Digital Audio Insider -- the economics of music and other digital content

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Digital Audio Insider is David Harrell's blog about the economics of music and other digital content. I write from the perspective of a musican who has self-released four albums with the indie rock band the Layaways.

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December 07, 2009

Some Lala Math
by David Harrell
I have no idea what plans Apple has for, though as a big fan of the service, I hope Apple keeps the current features in place, or somehow incorporates them into iTunes. (Jon Healey, Mark Mulligan, and Eliot Van Buskirk all have some thoughts.)

But I wasn't surprised about the reported reason that Lala initiated the sale:
One person with knowledge of the deal, but who was not authorized to discuss it, said that the negotiations originated when Lala executives concluded that their prospects for turning a profit in the short term were dim and initiated discussions with Eddy Cue, Appleā€™s vice president in charge of iTunes.
Lala offers a single free stream of all of the tracks in its catalog (though that one-time restriction isn't hard to circumvent.) Each time a song is streamed, Lala makes a payment to the respective record company of .6 cents, if not more. My self-released band, distributed via CD Baby and TuneCore, receives that rate, it's not inconceivable that the major label groups negotiated a higher payout.

When someone listens to a 10-track album on Lala, those streams cost Lala at least six cents. While several industry observers have noted that ad-supported streams can't be profitable at current ad rates for online advertising, Lala doesn't even run ads on its site. So the only way for it to offset the streaming fees is selling mp3 downloads or Lala's innovation, the 10-cent Web song.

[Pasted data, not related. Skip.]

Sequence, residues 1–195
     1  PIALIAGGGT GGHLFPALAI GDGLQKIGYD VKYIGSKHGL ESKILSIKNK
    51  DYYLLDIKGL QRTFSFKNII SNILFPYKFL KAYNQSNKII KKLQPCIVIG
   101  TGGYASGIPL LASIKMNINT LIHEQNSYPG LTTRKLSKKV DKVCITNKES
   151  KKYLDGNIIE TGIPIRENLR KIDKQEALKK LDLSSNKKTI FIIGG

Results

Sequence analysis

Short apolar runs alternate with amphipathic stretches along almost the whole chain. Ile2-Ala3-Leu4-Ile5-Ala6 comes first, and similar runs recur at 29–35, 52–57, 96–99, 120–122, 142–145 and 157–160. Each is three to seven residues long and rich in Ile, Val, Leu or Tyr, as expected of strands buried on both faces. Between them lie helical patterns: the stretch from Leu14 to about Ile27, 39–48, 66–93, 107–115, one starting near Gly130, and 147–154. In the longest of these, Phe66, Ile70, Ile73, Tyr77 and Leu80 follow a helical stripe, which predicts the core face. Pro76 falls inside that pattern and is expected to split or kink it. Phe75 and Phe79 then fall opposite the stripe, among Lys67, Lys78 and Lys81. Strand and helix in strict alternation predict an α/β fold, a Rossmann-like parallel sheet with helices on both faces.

Lala pays a wholesale price of 70 cents for the downloads it sells, while offering many of the them at just 89 cents. So Lala "makes" just 19 cents per mp3 sold, ignoring all transaction fees, salaries, server costs, etc.

To cover the fees paid for the free streams, Lala would need to sell one mp3 for every 32 free streams (assuming no other business costs). While a BusinessWeek article from early 2009 reported Lala's conversion rate was actually higher -- one mp3 purchased for every 14 songs streamed -- I'm not convinced that's the case. Since then, Lala has partnered with Pitchfork to provide streaming widgets on the popular music site's review pages for albums and individual tracks, which has no doubt increased the number of free listens. While an argument can be made that the greater exposure results in greater sales, I'm inclined to think it just means that more people are listening to music via Lala without having to pay for it. (Perhaps Pitchfork gives Lala a percentage of its ad revenue, but I can't imagine it'd be enough to push the streams into profitability.)

One thing that I haven't been able to confirm is the rate Lala pays labels for the purchase of a 10-cent Web song. No Lala sales have shown in my own band's account for more than the 0.6 cents streaming rate and I can't find any reference online for a payout rate for the 10-cent songs. It's possible that Lala simply keeps the entire dime from the Web song sale, and then pays the rights holders the streaming rate every time the purchaser plays the song. That would mean Lala comes out ahead when the purchaser listens to a song no more than 16 times, and loses money on the sale starting with the 17th listen.

Of course, while the Lala business model probably isn't profitable on a stand alone basis, that might not be a problem for Apple. Even at a loss, maintaining the service makes sense if it results in increased sales of the very profitable iPod and iPhone.

related: The Latest from Lala: The Return of the Dime Store, The New Dime Store, Part 2


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